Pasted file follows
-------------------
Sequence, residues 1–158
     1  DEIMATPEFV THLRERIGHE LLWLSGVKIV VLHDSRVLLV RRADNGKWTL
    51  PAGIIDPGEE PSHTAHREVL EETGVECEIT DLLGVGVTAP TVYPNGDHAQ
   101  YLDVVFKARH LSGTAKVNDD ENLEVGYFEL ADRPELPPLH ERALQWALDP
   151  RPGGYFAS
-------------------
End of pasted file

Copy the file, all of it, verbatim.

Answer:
Sequence, residues 1–158
     1  DEIMATPEFV THLRERIGHE LLWLSGVKIV VLHDSRVLLV RRADNGKWTL
    51  PAGIIDPGEE PSHTAHREVL EETGVECEIT DLLGVGVTAP TVYPNGDHAQ
   101  YLDVVFKARH LSGTAKVNDD ENLEVGYFEL ADRPELPPLH ERALQWALDP
   151  RPGGYFAS